The idea of a closure is to allow a function to have access to the variables outside itself. You can almost think of it as a mini global scope between the closure function and it’s parent function. Below is a nice example of creating a generator function that the caller passes in a number and you get something else. This is not a random generator by any means. Just a basic example of what a closure is and how it can be used.

// Main method to generate numbers  
function generateNumber(x) {
    var i = 12;

    // Anonymous function that acts as the closure because it has
    // access to the variables outside itself (i in this case)
    return function () {
        i = i + x;
        alert(“New Number: ” + (i));
    }
}

var b = generateNumber(34);
b();
b();

 

To check out the code live, check it out here. So what you will notice here is that I am calling this generateNumber function and passing in the number 34.  At the beginning of this function, a variable called i is initialized to 12. Under normal “scope” rules, the function in the return statement would NOT have access to this variable because it is not inside the curly braces of that function. This is where the word closure comes in. It closes itself around it’s parent scope and because of this, it has access to the i variable.

Now the function that is returned has nothing passed into it, but has access to the i variable. Because of this, the result will be 46 (12 + 34).

The last thing to note about closures is that they keep a reference to variables even after the parent method completes. Freaky right? So as you can see at the bottom of the code, I call the ‘b’ twice. The first alerts 46, the second alerts 80 (46+34).

Conclusion

So to wrap things up, here is how I view closures and callbacks.

Callbacks are functions that are defined and “used” but executed at some undetermined time. They are often used in returned AJAX calls and events such as a click event to have something happen when the button is clicked.

Closures are inner functions that have access to outer functions variables (enclosing around these functions). A closure also remembers about the variables and environment it as in, so when calling the above method multiple times as we say, it remembers what the ‘I’ variable last was.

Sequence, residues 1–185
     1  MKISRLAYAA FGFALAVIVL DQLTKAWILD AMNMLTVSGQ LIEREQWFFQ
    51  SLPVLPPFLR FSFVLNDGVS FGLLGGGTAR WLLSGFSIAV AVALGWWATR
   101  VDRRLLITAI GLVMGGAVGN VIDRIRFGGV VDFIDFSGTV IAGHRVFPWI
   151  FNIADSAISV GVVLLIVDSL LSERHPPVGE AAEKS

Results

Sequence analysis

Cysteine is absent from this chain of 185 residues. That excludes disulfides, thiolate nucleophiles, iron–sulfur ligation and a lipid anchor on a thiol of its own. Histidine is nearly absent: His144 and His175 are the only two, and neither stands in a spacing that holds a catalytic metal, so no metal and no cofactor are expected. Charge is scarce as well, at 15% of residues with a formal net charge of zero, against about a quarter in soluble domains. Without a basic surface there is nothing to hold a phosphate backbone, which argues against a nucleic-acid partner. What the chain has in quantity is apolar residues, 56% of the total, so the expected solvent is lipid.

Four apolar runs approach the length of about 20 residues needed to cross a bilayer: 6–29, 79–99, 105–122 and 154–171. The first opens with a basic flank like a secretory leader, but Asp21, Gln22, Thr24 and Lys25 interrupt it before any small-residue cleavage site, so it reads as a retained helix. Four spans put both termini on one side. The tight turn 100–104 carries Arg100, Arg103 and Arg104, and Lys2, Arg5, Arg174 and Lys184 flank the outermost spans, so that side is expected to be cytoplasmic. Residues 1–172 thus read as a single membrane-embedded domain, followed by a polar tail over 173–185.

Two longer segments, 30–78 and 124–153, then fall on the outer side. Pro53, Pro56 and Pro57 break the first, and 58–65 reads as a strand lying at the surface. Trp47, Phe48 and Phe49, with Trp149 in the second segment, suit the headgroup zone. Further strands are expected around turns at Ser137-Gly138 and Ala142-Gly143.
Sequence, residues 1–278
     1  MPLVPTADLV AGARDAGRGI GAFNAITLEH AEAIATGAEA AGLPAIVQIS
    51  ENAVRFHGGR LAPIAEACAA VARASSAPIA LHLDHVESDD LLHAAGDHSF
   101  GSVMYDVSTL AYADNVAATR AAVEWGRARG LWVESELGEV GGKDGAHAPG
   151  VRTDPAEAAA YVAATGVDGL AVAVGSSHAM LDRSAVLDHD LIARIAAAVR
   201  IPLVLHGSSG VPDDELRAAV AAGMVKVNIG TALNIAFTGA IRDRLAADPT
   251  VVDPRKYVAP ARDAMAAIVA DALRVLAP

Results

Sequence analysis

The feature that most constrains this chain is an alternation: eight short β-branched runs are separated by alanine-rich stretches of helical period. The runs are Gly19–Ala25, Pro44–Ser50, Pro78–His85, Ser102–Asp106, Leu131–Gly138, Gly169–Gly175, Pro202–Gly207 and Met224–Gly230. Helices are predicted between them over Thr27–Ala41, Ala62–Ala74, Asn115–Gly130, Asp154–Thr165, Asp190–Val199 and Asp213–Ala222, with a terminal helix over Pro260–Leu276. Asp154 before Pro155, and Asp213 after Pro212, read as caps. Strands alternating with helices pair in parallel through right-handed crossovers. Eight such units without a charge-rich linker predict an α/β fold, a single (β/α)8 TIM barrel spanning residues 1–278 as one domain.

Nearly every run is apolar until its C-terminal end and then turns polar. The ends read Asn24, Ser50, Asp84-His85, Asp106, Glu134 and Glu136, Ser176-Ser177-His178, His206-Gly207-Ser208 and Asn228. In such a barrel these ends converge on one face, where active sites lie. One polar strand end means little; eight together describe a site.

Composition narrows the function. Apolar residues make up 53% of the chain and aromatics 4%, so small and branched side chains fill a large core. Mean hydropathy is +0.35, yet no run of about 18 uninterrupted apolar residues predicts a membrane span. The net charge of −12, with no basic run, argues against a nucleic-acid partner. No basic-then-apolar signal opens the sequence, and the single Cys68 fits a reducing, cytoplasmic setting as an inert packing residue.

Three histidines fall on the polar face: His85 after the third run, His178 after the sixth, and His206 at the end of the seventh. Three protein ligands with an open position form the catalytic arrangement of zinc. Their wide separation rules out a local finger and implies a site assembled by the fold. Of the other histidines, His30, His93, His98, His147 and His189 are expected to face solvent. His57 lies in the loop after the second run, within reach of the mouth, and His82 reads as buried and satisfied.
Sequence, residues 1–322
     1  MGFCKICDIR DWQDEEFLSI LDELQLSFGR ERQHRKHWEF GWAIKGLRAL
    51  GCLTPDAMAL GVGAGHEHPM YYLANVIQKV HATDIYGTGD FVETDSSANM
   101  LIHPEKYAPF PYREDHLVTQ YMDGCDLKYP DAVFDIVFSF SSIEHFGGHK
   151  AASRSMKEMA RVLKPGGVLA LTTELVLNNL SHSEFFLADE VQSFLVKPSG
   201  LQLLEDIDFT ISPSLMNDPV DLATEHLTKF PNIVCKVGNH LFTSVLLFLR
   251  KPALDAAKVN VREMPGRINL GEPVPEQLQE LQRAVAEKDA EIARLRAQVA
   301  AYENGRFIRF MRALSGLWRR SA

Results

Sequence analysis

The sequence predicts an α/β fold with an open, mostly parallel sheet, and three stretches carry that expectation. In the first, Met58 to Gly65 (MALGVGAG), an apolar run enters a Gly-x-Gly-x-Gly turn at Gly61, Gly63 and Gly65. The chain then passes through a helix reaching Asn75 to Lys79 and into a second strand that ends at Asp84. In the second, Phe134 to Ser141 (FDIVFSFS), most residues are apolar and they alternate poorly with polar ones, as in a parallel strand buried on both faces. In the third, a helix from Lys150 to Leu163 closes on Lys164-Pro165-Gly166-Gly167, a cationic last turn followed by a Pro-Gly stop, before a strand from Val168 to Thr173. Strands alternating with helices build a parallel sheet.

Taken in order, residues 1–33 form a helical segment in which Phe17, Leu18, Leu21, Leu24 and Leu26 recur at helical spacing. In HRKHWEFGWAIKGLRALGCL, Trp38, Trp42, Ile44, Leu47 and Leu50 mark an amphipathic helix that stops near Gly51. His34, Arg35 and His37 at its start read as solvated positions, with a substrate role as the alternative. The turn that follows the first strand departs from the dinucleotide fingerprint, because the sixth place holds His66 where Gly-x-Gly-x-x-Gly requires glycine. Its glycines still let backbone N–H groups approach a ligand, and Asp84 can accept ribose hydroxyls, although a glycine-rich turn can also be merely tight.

I hope this has helped clear it up a bit for some folks. I know it clears it up every time I talk about it a little more each timeSmile

Happy Coding!

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About Gregg Coleman

I am Senior-level Software Engineer working primarily these days with .NET. I have a good working knowledge of ASP.NET MVC, Web Forms, WCF web services and Windows Services. I spend much of my time in the Web Services (SOAP and REST) world in my current job designing and implementing various SOA architectures. I have been in the software engineering industry for about 6 years now and will not now nor ever consider myself an "expert" in programming because there is always so much to learn. My favorite thing about designing software is there are always new emerging technologies and something to learn every day! My current job has me spending much of my job on the bleeding edge of technologies and changing gears all the time, so I'm never bored and always challenged. On my spare time I enjoy weight training, reading and venturing to new places near by. Of course programing and learning new technologies are another hobby of mine.
This entry was posted in .NET, .NET 4.5, Best Practices, C#, Classes, Coding standards, Interfaces, JavaScript, JQuery, MVVM, Namespaces, Performance, Programming, Programming Paradims, Web Technologies, Windows Store Apps and tagged , , , , . Bookmark the permalink.